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Home > Publications > International Concrete Abstracts Portal
The International Concrete Abstracts Portal is an ACI led collaboration with leading technical organizations from within the international concrete industry and offers the most comprehensive collection of published concrete abstracts.
Title: Development of Sulfer-Infiltrated High-Strength Concrete
Author(s): V. M. Malhotra
Publication: Journal Proceedings
Appears on pages(s): 466-473
Keywords: aggregates;compressive strength;concretes;curing;durablity;freeze-thaw durablity;high-strength concretes;mix proportioning;modulus of elasticity; polymer-portland-cement concretes;research;slitting tensile strength;sulfur;tension tests.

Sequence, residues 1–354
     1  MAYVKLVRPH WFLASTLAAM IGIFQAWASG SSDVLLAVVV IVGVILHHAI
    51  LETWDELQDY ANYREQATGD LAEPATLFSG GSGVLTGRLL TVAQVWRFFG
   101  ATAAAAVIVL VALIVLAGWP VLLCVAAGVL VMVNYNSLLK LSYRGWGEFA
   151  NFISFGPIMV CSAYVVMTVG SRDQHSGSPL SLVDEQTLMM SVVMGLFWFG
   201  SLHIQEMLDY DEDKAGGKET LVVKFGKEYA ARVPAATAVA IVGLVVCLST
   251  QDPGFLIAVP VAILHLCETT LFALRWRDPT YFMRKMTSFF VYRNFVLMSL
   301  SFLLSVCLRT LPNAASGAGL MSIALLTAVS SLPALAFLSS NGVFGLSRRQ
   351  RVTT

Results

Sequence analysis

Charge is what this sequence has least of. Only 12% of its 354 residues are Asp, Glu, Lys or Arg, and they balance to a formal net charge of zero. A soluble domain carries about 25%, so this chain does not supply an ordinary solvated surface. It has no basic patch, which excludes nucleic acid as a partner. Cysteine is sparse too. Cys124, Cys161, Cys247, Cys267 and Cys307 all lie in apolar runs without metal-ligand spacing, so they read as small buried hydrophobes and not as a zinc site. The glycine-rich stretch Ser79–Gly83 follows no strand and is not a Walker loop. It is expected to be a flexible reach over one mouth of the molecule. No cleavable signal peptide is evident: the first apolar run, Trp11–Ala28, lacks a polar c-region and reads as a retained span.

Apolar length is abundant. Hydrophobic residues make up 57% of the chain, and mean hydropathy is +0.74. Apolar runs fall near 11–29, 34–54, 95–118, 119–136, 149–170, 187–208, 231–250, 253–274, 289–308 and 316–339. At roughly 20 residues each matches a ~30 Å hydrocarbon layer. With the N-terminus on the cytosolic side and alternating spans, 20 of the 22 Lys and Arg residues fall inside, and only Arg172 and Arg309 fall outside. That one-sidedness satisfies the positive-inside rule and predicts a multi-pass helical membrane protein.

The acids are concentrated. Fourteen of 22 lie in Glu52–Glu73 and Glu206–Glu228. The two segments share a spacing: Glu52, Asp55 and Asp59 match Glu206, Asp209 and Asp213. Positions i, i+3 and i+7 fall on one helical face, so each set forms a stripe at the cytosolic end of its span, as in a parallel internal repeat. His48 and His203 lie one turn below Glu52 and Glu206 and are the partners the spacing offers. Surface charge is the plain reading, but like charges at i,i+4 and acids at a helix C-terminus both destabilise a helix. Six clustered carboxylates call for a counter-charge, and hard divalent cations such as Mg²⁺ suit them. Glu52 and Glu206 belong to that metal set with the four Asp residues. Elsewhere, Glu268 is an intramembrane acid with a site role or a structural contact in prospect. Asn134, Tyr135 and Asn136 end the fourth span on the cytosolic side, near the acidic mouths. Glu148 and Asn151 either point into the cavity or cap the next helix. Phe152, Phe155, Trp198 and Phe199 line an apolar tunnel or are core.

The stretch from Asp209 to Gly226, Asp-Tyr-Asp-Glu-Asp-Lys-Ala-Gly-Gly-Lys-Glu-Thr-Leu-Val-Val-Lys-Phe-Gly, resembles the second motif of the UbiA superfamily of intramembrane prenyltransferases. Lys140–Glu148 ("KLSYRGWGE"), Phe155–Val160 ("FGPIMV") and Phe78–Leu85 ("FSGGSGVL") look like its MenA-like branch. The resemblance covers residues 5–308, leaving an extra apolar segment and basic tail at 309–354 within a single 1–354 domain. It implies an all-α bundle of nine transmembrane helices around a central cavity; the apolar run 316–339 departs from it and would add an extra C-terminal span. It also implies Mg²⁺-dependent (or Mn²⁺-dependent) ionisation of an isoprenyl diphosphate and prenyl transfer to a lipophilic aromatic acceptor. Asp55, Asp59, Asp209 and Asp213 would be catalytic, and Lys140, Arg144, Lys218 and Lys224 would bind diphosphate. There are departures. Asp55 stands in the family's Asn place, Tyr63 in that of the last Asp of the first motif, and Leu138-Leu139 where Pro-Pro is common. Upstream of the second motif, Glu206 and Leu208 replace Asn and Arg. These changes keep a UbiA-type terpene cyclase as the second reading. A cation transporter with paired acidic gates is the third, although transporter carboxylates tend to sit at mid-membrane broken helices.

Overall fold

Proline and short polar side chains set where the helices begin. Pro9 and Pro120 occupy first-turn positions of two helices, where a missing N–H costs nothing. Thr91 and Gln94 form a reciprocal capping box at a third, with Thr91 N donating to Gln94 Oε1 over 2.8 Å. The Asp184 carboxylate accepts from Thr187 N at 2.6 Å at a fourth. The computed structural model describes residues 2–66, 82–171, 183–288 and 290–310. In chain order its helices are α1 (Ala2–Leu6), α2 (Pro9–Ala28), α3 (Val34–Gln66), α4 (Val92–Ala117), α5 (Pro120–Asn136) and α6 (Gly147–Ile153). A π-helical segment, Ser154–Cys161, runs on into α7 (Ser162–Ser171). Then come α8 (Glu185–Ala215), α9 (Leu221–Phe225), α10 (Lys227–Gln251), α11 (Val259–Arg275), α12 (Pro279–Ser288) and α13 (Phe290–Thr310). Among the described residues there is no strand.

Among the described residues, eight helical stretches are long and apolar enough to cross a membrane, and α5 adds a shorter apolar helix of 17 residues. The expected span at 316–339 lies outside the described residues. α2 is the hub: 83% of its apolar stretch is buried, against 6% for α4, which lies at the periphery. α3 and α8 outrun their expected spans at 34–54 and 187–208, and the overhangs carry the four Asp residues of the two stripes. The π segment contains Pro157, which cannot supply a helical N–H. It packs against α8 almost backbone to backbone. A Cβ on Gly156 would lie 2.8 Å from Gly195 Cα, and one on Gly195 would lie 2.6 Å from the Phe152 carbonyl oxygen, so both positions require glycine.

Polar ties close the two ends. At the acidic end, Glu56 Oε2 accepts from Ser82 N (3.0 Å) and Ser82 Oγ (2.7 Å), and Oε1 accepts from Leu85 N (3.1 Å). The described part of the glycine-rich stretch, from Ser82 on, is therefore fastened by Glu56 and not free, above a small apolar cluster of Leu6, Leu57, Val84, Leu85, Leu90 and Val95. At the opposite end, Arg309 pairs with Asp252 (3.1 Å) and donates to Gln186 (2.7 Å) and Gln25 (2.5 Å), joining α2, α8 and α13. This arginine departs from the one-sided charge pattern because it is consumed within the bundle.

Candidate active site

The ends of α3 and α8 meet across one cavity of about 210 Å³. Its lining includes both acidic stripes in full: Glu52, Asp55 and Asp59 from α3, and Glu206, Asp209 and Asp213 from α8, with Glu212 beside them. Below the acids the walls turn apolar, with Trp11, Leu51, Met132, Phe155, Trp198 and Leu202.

Abstract:Sulfur-infiltrated, high-strength concrete has been developed at early ages from 2 day old conventional concrete containing low cement content. Two infiltration procedures have been employed. Procedure A Consists of moist curing fresh concrete specimens for 24 hr, immersing them in a bath of molten sulfur for 3 hr, removing them from the sulfur to cool, and then testing 1 to 2 hr later. Procedure B consists of curing moist concrete specimens for 24 hr, drying them at 250 F (121 C) for 24 hr, immersing them in molten sulfur under vacuum for 2 hr, releasing the vacuum and soaking them for an additional 1/2 hr, then removing them from sulfur to cool. Testing is done 1 to 2 hr later. Satisfactory high-strength concretes have been produced using the above procedures, with superior results being obtained using Procedure B. The sulfur-infiltrated concretes exhibit phoenominal increases in mechanical and elastic properties and durablity charateristics. A typical value of the compressive strength of the infiltrated specimens using Procedure B was 8060 psi (5.6 MN/m^2) for reference moist cured specimens. The sulfur-infiltrated specimens were in excellent condition after more than 800 cycles of frezing and thawing, whereas the moist cured specimens had completely disintegrated after 40 cycles. This new type of concrete appears to be eminantly suited for precast concrete units, such as pipes, poles, farm silo, and railway ties, and is a practical substitute for expensive polymer-impregnated concrete.
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